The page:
The Bolshoi knack
Don Quixote, Swan Lake, Romeo and Juliet Royal Opera House
When ballet is great, its dancers — and we with them — seem to exist in more dimensions than in any other form of existence. Its physical and spatial aspects are marvellous, but more so are the multiple layers in which the dancers exist in time. The dancers create one complex lyricism as they move, and the connection of this to their music is full of moment-bymoment eloquence. And then there are all those other dimensions whereby the dancers sustain characterisations, develop a narrative, evoke a period, greet the audience, behave to each other, put on a good show, open their souls to eternity.
Nothing was great during the first week of the Bolshoi Ballet's three-week season at Covent Garden, in either Don Quixote or Swan Lake. And yet it was easy to feel the immense resources from which this historic company still draws. The dancers weren't thrilling, and yet they held up the ideal of ballet itself as a thrilling art. Watching the latest version of Yuri Grigorovich's dull Swan Lake, I marvelled at how much nuance the Muscovites can still get out of their national dances in Act III. Although, like any balletomane, I regretted that Grigorovich still puts his female dancers here on to pointe, I was always charmed by how much texture they and their male partners can squeeze out of the second beat in a bar, and how much folk contrast they make between heavy steps and light.
In the more classical dances, the company's musicality has been corrupted by generations of bad practice — at times, the swan-maidens are so far behind the beat that they're watching some film whose soundtrack has got more than 50 frames out of synch — but there are still numerous little passages when the dancers make something lively out of dancing just after the beat, then bang on to it, then sliding around it. As Prince Siegfried in his Act III variation, Andrei Uvarov stretched one series of floor-bound steps so lusciously on to the music that my heart began to race. Then it sank. While the music carried on doing the same thing for a while longer, he stopped, collected himself, did a multiple pirouette that began and ended without any musical point whatsoever, and then walked across the stage to prepare himself for the next phrase. A hundred such passing frustrations occur during the course of any Bolshoi performance of any 19th-century ballet.
The Grigorovich Swan Lake blurs so many aspects of the famous music and story that it's a bore — Svetlana Zakharova, a potentially exquisite former Kirov star who's now become the Bolshoi's leading dramatic ballerina, made virtually no impression as Odette–Odile — but it lets you see that the Bolshoi still has troupers who can deliver real dancing, as multidimensional as can be, if only their choreographers, producers and coaches will let them. In Alexei Fadeyechev's version of the old Bolshoi Don Quixote. Maria Alexandrova and Sergei Filin, the competent Kitri and Basil of the opening night, were unengaging, but the exultant joie de vivre with which the onlookers responded to them in Act I strikes me as the highlight of the season so far.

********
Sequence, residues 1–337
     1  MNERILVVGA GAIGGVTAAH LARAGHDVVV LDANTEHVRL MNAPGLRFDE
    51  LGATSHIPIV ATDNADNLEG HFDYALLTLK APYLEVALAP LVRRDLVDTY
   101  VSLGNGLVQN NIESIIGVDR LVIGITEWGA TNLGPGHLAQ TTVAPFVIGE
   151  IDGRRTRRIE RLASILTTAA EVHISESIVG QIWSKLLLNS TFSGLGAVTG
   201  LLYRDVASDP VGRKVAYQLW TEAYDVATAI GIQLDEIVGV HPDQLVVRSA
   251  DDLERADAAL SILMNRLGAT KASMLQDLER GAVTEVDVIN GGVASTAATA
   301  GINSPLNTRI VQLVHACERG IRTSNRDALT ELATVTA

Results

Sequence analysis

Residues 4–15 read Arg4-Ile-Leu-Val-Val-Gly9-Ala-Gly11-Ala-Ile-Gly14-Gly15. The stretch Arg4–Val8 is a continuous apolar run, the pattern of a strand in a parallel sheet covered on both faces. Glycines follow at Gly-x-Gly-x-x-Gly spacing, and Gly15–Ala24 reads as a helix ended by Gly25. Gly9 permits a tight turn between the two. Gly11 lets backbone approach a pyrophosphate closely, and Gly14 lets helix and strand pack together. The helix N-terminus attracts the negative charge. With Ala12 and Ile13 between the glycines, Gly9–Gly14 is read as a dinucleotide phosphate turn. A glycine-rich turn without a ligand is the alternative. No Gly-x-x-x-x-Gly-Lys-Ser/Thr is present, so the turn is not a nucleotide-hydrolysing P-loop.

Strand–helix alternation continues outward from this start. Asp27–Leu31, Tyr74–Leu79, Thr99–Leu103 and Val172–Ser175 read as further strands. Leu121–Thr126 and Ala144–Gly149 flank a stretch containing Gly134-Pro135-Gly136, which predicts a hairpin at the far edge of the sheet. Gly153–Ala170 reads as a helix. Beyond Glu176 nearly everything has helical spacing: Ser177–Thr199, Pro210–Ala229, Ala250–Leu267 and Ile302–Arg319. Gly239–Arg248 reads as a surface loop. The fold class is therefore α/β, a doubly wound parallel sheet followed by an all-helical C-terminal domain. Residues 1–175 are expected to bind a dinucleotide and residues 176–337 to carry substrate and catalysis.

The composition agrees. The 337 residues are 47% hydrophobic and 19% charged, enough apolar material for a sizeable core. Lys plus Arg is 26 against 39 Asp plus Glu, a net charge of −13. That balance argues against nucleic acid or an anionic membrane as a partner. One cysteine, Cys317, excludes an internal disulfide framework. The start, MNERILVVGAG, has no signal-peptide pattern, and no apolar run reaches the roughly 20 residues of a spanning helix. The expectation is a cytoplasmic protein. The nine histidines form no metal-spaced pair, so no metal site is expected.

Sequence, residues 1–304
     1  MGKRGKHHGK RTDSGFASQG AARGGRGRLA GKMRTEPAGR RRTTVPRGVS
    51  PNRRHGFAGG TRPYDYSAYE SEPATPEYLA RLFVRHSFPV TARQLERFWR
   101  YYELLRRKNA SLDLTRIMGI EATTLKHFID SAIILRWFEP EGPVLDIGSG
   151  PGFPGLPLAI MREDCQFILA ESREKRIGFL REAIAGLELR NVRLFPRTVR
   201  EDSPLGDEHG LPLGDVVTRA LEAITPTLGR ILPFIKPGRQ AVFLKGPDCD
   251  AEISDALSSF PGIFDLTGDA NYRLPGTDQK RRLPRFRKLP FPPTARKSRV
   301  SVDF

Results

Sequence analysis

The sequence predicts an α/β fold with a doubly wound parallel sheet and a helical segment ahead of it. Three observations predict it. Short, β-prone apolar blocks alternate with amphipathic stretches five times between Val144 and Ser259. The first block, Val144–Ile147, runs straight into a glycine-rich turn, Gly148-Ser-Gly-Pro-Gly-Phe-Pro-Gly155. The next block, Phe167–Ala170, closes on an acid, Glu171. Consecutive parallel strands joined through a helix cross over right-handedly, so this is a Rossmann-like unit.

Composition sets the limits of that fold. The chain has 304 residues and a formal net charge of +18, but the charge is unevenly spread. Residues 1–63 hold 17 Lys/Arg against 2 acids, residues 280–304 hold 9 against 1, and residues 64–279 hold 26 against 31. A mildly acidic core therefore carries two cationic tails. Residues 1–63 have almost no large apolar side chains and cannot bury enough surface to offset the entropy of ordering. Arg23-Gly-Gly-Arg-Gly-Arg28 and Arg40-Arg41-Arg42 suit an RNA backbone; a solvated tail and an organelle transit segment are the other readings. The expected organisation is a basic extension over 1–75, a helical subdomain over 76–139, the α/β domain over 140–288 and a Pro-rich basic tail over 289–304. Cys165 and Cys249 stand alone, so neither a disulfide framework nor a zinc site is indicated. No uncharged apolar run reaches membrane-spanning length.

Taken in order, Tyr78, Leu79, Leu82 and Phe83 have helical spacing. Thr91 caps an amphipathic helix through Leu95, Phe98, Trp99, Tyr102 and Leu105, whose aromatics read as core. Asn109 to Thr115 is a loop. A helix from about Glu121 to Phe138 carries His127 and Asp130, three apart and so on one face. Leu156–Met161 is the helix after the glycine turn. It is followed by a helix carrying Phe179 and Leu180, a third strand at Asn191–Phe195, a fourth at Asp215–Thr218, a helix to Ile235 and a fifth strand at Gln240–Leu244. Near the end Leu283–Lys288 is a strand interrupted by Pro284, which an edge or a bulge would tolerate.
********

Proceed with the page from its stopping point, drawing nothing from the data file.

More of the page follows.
In what dimensions do the dancers exist in the Bolshoi's silly new Romeo and Juliet? None that matters. There's no lyricism, no richness of texture, and no serious connection to Prokofiev's (heavily cut) score. Also no Nurse. no Escalus, no Benvolio. The British director DecIan Donnellan is responsible for the concept and the direction. The actual dances have been arranged by Radu Poklitaru, who is apparently a Moldavian luminary. I don't object that Donnellan and Poklitaru have given us a Romeo that is both moderndance and modern-dress; but this one is laden with clichés. The Capulet ball is what Pauline Kael once called a 'comedressed-as-the-sick-soul-of-Europe' party. Big butch Mercutio arrives in drag, and dances with Tybalt, a creepy wimp who takes mortal offence when everyone laughs at him for dancing with a man. In DonneIlan's big concept, the balcony is played by the corps de ballet, dozens of whom carry Romeo and Juliet about the stage in a series of we-are-keeping-thelovers-apart formations that look like somebody's clumsy memory of various scenes choreographed by Petipa, Fokine and Balanchine.
Meanwhile neither R. nor J. seems to be in love: they, like the whole company, prefer to mime their supposed emotions out front at us rather than directly to each other. (They also scream and laugh.) The corps all mourn Tybalt in four vertical columns of unison fake grief, all facing front, of course. But then, after watching R. and J. die in the tomb scene, they leave the stage quietly in two opposite camps: Montagues vs Capulets, learning nothing from the deaths they observed. The acting, all of it terrible, starts out as Russian-cute (many ingratiating smiles at us) and ends up as standard Central European expressionism. Most gestures — e.g., Juliet wiping Paris's kiss off her lips — are repeated four or more times. It's Donnellan here who typifies the sick soul of Europe: this is Director's Theatre at its most banal.
Alastair Macaulay is chief theatre critic of the Financial Times and chief dance critic of the Times Literary Supplement.